Record Heat, Lake Mead, and new science in the Colorado Basin

As temperatures continue to rise during the summer months, we are monitoring the heat index and decrease in water-flow to the Colorado Basin.

Kayaker paddles in front of Lake Powell’s substantial ‘bathtub ring.’ | Photo: Sinjin Eberle

July is upon us here in the Colorado Basin, and things are hot! Aside from the scorching heat across the American Southwest (a record 119 degrees in Phoenix on June 19) a number of Colorado River-related stories have made their way to front pages in the past few weeks as well.

Rising temperatures inspired a recent report by Brad Udall (Colorado State University) and Jonathan Overpeck (University of Arizona) which indicates that the prolonged drought and rising temperatures have not only made it feel hotter, but have actually reduced the amount of water in the Colorado Basin by nearly 20% compared to flows between 1906 and 1999. This is dramatic as we deal with and address the substantial overuse of Colorado River water in the lower basin states of California, Arizona, and Nevada.

With record temps of 119° in Phoenix, protecting the #coriver is more important now than ever beforeClick To Tweet

And even though the Upper Basin states of Colorado, Utah, and Wyoming saw an above average snowpack in early 2017, a dry March across the basin combined with these elevated spring temperatures has resulted in the US Bureau of Reclamation refining their projections of ample spring flows heading towards Lake Powell (and further benefitting Lake Mead) downward. So instead of a substantial improvement in both of these large reservoirs, the resulting conditions will be average at best. Further, the Bureau has also downgraded the projection of flows into Lake Mead in 2018 by more than 20 feet, increasing the risk of substantial cutbacks for the state of Arizona in the coming years. In short, even though we had a hopeful, wet spring, we owe it to the river to continue to work towards conservation every day, as we are truly all in this mission together!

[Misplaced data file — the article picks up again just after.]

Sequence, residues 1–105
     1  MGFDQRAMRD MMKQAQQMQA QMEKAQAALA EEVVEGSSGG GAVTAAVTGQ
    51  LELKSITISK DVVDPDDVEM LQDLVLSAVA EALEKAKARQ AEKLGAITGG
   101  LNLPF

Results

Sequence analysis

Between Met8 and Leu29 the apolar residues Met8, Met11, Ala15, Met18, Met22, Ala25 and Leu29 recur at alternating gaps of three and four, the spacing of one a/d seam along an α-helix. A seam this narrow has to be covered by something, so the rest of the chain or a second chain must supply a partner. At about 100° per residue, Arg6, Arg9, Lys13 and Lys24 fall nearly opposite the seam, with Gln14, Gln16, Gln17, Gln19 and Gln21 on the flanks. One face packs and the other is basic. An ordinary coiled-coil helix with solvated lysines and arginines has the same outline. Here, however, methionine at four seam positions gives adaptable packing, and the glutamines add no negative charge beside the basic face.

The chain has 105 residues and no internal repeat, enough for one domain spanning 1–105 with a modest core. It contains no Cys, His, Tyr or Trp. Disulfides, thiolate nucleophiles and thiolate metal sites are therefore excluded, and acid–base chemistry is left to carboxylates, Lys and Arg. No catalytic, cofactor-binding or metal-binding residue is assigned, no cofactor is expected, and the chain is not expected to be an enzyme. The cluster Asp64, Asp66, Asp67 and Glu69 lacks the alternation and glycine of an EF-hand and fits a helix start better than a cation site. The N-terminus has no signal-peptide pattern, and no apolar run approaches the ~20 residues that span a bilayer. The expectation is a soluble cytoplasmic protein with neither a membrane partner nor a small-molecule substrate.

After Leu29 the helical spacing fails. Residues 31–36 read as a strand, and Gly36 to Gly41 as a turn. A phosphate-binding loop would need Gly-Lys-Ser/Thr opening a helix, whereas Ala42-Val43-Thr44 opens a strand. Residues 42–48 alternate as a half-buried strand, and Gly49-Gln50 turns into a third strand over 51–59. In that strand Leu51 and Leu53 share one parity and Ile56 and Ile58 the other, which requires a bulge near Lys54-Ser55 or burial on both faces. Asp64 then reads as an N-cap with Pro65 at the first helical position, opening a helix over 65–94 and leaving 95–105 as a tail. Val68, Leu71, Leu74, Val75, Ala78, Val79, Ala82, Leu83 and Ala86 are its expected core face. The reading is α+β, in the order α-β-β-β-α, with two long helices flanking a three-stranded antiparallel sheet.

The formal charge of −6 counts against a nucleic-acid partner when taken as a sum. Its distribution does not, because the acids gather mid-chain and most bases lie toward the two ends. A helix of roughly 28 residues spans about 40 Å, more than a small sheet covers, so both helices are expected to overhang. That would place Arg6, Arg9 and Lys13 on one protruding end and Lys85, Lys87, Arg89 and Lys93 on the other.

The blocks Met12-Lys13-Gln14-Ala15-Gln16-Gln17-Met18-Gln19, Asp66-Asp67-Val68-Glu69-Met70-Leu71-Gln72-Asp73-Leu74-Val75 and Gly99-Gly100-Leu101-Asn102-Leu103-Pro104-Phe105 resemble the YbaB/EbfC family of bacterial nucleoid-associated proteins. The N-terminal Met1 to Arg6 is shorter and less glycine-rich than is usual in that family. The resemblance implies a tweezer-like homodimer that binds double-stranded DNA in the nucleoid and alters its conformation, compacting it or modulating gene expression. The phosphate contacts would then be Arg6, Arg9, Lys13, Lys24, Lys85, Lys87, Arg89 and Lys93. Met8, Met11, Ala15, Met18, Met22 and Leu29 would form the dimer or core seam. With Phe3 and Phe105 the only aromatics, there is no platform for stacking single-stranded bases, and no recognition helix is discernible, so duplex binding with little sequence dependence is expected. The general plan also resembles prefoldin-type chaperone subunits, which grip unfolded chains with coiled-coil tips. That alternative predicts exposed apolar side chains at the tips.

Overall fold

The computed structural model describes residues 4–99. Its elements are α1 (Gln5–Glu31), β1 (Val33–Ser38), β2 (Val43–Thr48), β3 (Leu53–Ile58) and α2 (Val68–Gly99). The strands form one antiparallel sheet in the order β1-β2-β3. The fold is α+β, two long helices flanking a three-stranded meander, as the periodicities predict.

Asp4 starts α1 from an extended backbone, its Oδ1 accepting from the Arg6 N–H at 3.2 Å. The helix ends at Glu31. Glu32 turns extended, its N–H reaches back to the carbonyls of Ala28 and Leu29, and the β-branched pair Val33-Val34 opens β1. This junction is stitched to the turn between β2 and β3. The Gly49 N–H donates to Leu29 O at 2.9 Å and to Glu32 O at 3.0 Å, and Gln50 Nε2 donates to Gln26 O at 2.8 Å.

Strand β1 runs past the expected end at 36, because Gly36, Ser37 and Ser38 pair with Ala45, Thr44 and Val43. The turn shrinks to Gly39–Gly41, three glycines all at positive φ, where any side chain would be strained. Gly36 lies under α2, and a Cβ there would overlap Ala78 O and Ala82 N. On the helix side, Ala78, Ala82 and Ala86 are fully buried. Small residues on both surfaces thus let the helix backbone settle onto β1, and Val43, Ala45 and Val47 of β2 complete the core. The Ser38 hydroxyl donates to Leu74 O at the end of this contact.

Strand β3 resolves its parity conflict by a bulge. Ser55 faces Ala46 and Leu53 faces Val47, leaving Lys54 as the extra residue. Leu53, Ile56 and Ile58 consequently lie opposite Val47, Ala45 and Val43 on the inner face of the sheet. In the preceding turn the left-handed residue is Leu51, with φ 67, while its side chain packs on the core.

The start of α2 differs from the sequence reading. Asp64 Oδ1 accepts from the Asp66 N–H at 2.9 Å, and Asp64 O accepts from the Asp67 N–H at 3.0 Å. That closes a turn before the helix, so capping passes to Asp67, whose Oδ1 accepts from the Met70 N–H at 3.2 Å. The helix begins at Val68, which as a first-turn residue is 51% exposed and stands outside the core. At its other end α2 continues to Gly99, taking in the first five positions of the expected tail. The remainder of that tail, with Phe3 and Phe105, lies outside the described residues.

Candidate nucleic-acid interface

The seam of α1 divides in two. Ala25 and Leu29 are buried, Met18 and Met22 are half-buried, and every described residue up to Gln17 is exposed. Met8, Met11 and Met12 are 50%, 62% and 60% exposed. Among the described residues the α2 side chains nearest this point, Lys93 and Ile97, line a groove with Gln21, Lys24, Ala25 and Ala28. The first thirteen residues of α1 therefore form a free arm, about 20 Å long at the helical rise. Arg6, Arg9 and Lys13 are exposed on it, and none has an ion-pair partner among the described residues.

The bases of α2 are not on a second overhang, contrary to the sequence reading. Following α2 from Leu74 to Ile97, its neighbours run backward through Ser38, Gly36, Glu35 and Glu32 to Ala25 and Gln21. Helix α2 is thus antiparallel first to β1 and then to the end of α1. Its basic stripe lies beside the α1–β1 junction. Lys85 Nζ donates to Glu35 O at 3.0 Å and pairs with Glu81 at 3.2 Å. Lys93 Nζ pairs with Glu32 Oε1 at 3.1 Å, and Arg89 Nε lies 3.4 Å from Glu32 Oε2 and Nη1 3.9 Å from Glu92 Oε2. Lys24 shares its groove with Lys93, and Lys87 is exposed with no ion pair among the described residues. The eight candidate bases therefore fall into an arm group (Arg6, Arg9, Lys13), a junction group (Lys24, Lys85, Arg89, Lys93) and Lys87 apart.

Yampa River meanders through Yampa Valley agricultural fields en route to Dinosaur National Monument and the Green River. | Photo: Sinjin Eberle
Yampa River meanders through Yampa Valley agricultural fields en route to Dinosaur National Monument and the Green River. | Photo: Sinjin Eberle

All of this has created a discussion about how to think about stabilizing the Colorado River, from the headwaters deep in the Colorado mountains, all the way to the border with Mexico. Seven states, over 1,400 miles, affecting more than 35 million people and supporting a $1.4 trillion economy. First and foremost, American Rivers is working with partners across the basin to inspire ways to increase flexibility and keep more water flowing down the Colorado River from source to (ideally) sea. By collaborating with farmers and ranchers, municipalities, and water agencies, we are making headway in not only sustaining the river, but the people who depend on it as well. And our work has garnered further confidence from donors, foundations, and individual supporters like you who support our mission to protect wild rivers, restore damaged rivers, and conserve clean water for people and nature across the country. Without you, we could not continue our efforts to stabilize the Colorado River and sustain it for future generations to come.

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